Power Naps

April 21, 2024
By Damond Benningfield

720324_Power Naps_360 px width_cropped.jpg

Chinstrap penguins, named for the thin black band of feathers, take thousands of micronaps a day. Credit: Lieutenant Philip Hall, NOAA Corps

Chinstrap penguins may be contenders for the title of “world’s greatest power nappers.” A recent study found that penguins that are watching over their eggs or chicks nod off more than 10,000 times a day—for an average of just four seconds per nap.

Chinstrap penguins live in Antarctica and nearby islands. Adults stand about two and a half feet tall, and weigh up to 10 or 12 pounds. They get their name from a thin line of black feathers that look like a chinstrap. They return to their nesting grounds every October or November—hundreds of thousands or more in a single colony.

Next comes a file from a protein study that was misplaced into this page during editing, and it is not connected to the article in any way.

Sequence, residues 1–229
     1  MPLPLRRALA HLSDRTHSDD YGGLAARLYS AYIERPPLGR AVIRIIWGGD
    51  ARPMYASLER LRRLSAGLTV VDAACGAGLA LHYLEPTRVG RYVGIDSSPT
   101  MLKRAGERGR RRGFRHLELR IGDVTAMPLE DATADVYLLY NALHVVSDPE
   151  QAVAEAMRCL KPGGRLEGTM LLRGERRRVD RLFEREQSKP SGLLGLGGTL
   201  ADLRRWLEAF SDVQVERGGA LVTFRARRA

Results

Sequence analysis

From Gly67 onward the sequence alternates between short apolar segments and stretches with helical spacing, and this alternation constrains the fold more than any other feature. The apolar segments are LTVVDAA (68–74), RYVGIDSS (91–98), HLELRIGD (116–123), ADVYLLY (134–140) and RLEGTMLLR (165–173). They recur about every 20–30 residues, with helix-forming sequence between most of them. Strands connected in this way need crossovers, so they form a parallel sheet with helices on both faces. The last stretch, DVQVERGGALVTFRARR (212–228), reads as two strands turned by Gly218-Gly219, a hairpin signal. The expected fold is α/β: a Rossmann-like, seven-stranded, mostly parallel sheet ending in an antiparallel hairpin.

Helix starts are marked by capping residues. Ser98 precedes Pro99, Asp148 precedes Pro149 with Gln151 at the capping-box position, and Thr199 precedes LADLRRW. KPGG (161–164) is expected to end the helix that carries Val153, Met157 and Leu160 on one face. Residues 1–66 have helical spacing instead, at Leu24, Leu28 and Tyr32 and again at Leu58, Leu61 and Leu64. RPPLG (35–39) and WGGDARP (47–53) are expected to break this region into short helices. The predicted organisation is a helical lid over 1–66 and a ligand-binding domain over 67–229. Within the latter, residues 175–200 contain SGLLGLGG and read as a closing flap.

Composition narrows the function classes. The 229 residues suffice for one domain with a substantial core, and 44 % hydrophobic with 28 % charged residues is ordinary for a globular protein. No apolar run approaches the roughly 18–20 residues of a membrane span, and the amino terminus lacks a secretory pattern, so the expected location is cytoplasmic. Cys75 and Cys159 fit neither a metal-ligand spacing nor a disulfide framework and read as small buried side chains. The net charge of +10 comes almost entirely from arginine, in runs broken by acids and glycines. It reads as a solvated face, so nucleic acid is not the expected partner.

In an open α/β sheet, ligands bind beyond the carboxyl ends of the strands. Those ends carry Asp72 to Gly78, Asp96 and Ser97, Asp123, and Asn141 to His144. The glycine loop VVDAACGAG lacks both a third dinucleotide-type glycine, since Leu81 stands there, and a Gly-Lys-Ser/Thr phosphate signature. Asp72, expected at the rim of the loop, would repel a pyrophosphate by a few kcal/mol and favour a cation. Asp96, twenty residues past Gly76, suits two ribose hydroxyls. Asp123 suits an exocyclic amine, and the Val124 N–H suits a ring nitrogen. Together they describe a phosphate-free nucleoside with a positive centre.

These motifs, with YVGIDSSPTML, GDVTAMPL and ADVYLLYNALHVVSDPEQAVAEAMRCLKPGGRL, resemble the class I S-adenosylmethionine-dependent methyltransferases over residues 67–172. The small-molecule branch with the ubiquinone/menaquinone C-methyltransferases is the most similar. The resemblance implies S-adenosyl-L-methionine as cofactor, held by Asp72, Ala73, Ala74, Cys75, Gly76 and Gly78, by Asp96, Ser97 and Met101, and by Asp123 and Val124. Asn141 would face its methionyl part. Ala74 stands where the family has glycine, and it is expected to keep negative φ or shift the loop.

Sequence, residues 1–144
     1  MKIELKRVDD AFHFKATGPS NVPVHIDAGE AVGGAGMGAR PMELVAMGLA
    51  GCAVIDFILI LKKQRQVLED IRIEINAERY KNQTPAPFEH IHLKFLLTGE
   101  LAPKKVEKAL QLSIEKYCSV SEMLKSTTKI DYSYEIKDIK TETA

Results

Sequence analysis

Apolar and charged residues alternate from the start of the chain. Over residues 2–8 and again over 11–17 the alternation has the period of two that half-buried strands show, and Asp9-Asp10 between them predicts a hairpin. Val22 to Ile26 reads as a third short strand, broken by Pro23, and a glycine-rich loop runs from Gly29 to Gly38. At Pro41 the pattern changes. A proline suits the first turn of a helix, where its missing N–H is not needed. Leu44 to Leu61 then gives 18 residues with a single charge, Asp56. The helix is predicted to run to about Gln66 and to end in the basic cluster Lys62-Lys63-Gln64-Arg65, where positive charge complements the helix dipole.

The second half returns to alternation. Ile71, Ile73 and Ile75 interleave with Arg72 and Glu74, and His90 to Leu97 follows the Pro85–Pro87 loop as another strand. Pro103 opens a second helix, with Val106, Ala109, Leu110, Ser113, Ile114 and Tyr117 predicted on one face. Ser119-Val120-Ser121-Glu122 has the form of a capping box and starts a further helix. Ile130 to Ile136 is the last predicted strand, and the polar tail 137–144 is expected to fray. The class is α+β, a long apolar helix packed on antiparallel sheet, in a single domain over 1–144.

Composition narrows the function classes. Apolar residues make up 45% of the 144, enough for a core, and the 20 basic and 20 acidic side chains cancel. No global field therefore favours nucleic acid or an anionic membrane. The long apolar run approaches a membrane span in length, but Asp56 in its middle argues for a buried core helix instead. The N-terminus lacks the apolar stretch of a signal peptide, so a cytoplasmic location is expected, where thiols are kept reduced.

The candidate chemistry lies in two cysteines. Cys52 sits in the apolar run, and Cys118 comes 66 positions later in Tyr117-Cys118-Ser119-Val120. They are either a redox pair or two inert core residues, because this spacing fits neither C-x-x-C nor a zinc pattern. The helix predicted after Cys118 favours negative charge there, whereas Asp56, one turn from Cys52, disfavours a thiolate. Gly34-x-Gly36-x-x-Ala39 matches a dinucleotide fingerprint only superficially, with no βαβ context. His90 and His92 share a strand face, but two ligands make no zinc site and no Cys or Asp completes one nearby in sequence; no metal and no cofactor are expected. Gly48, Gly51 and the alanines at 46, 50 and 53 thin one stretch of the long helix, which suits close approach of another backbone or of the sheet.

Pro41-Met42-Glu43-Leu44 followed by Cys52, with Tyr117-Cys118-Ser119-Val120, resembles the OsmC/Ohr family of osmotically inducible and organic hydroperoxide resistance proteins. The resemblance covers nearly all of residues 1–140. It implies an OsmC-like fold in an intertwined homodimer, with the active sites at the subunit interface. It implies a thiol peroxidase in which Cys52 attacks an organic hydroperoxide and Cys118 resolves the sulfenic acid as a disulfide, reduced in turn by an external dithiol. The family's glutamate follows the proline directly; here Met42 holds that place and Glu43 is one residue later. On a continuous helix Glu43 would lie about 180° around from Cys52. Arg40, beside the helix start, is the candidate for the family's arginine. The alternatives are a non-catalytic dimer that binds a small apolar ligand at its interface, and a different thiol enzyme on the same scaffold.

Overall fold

Males and females take turns watching over the nests while the other spend days fishing. Other chinstraps may try to steal the pebbles from their nests. And birds known as brown skuas try to grab the eggs or chicks. So nest-sitting is a full-time chore.

Researchers studied 14 adults on King George Island, off the coast of Antarctica. They used sensors to record the penguins’ brain activity. They also logged location, motion, and other data.

The instruments revealed that nesting parents frequently nodded off, then quickly popped back awake. The brain monitors showed that the parents were catching frequent naps—sometimes with only one side of the brain, sometimes the whole thing. The naps added up to 11 hours a day.

That behavior wouldn’t be healthy for most animals. But it didn’t seem to bother the chinstrap penguins. Instead, it helped them protect their budding young families.